- Small grants for general IWC counts in developing countries (included into IIT 15): toensure thatselected key sites are regularly counted in all countries across the flyway even in developing countries withinsufficient resources. The external review has estimated the cost as € 80,000 p.a. which should be considered as a conservative estimate compared to Point 16 of the AEWA International Implementation Tasks (Resolution 4.10) which estimated it at € 635,000. The basic coordination of the scheme includes time for the management of a small grant scheme, but support can also be provided directly through various arrangements such as twinning between protected areas or NGOs.
- Special counts (IIT 16): to obtain more reliable estimates of species and populations that are not well covered under the general IWC counts. They are intended to be implemented in collaboration with the relevant specialist groups and coordination can be done directly by the group or by WI staff.
- Geese and swans: repeated counts including agricultural areas and roosts.
- Seaducks and other seabirds: annual counts in the Baltic and North Sea and special aerial surveys in the Black Sea and Caspian regions once every three years.
- Tidal wetlands in Africa and Middle East: to cover the large tidal wetlands with high influence on population sizes and trends at least once every three years.
- Wader counts on agricultural and grassland habitats: to improve estimates for species like Northern Lapwing, Golden Plover at least once every three years.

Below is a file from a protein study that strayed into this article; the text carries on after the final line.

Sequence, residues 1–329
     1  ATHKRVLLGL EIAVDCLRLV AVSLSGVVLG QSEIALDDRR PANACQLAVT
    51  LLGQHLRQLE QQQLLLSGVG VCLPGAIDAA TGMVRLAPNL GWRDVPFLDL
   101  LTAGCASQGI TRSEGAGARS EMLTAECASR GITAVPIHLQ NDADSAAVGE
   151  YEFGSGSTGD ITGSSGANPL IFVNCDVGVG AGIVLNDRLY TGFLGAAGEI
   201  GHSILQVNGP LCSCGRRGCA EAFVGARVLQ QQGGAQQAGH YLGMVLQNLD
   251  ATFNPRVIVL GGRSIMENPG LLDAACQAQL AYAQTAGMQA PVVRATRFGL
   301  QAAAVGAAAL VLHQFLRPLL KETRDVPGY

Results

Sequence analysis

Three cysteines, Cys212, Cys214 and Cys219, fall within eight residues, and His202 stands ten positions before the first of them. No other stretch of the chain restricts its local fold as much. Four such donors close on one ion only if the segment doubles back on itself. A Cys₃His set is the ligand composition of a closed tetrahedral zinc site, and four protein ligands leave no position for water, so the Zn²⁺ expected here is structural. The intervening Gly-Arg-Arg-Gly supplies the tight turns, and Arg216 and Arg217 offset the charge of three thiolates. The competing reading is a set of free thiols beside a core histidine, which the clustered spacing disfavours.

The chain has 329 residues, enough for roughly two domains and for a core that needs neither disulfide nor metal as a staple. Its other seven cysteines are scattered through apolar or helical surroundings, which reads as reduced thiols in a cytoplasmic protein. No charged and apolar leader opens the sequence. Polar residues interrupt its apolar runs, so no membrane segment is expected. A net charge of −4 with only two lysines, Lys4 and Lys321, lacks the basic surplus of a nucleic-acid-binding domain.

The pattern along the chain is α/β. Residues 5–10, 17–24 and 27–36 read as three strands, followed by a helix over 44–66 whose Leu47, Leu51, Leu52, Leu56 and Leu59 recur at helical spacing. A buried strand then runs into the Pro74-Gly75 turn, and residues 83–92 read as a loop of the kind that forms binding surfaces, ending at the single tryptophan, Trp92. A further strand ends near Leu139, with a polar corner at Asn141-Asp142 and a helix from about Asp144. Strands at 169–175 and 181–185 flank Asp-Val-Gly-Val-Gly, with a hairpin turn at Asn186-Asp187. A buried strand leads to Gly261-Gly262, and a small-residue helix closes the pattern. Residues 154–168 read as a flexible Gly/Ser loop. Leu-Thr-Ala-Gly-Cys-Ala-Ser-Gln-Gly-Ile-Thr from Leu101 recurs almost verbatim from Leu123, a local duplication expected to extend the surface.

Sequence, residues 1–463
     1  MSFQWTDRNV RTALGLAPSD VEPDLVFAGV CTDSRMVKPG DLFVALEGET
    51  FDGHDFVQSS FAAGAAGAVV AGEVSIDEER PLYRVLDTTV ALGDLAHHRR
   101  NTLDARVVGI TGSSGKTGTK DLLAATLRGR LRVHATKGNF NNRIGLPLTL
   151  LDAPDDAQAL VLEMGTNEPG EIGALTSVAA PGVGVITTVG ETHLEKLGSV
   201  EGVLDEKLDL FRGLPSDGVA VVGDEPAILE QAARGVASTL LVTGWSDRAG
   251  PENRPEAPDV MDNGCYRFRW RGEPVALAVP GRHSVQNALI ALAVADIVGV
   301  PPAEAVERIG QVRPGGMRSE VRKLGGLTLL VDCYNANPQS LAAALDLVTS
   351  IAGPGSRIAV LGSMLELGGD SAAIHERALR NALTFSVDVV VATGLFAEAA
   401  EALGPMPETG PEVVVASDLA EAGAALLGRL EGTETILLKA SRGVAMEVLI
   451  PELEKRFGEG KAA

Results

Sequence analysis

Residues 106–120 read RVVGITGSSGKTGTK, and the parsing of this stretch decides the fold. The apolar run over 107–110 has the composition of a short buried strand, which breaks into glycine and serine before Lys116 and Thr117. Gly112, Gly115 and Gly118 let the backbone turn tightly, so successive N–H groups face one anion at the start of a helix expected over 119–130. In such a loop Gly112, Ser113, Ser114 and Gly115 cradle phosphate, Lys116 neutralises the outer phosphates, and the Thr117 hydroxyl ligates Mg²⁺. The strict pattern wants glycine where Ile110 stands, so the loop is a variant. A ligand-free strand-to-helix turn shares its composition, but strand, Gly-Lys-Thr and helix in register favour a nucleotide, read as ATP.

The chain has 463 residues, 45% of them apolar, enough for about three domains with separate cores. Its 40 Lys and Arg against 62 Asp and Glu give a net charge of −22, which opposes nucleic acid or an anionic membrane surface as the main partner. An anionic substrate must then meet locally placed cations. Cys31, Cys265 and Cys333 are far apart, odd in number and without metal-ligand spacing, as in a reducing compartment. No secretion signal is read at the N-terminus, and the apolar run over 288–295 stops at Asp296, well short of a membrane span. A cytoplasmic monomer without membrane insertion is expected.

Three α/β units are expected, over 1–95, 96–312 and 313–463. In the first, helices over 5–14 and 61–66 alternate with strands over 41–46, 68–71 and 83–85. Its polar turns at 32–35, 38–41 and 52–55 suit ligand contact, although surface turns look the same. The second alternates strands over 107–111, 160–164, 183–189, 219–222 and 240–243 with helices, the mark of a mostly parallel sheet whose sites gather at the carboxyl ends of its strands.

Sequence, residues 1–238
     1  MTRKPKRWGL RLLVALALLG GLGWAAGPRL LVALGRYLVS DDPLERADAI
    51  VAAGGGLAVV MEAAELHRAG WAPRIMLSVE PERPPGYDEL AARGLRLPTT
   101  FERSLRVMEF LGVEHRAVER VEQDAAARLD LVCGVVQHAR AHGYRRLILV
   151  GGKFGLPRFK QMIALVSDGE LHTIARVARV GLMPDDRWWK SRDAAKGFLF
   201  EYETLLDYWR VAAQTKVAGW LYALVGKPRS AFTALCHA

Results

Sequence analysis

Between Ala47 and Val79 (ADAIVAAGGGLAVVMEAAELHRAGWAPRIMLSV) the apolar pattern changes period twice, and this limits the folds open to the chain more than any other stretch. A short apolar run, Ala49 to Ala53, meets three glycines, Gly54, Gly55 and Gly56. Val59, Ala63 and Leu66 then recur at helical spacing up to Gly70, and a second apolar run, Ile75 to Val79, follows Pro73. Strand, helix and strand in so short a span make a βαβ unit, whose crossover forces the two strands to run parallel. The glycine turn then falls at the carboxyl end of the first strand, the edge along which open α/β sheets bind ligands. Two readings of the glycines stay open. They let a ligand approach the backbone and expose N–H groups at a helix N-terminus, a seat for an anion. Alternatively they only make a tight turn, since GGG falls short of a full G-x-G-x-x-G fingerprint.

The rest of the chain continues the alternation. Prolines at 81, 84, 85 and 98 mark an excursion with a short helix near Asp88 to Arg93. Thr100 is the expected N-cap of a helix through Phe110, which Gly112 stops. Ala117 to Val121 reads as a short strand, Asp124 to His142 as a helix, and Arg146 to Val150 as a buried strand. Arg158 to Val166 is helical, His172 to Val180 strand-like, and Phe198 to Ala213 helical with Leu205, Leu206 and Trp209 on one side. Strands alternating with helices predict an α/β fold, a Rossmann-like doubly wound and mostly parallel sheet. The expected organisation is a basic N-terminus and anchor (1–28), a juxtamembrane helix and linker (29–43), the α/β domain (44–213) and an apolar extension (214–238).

- AEWA Conservation Status Report: Article 7.4 of the AEWA Action Plan already requires the Secretariat to produce a report on the status and trends of waterbird populations in the Agreement area. The terms of reference drawn up by the AEWA Technical Committee very closely resembles the technical scope defined in the external review for the technical report on the status and trends in the AEWA region (including documentation of trend analyses and proper documentation of all other popoulation size and trend estimates). Therefore, this report also summarises and interprets the results of the IWC activities in the region. It is envisaged that the cost of producing this report will be about the same as the current cost and that funding by AEWA will continue through voluntary contributions from the Parties. (ca. € 55,000)
- CSN Tool up-date (IIT 3): the Critical Site Network Tool has been produced to provide up-to-date information on waterbird populations in the Agreement area. The CSN Tool needs to be up-dated annually in order to provide timely feedback to the network and to provide up-to-date information to a wide range of users (current estimate is ca. € 50,000 p.a., but application has been submitted to reduce cost by automating processes).
- Waterbird Population Estimates: provides 1% thresholds to support the identification of internationally important wetlands under Criterion 6of the Ramsar Convention and through this also under the Birds Directive, the Emerald Network and the IBA programme.Theexisting paper editions of Waterbird Population Estimates will be replaced by a database to reduce publication and dissemination costs and the estimates will be updated before the Ramsar COPs (ca. € 30,000).
- Policy relevant indicators: results of the information generated by IWC and synthesised through 5–7. above will feed into various policy-relevant indicators such as the Ramsar indicators of effectiveness at global level, the AEWA indicators of effectiveness at the flyway level and a wetland bird indicator could also complement the existing farmland and forest bird indicators in the EU. These products will be developed in close collaboration with the Secretariats of the relevant MEAs.
- Special studies: Wetlands International’s waterbird monitoring programme aims not only at detecting changes in waterbird populations, but also at identifying the causes of these changes. To this end, joint studies will be implemented with the Waterbird Specialist Groups and academic institutes on a project basis.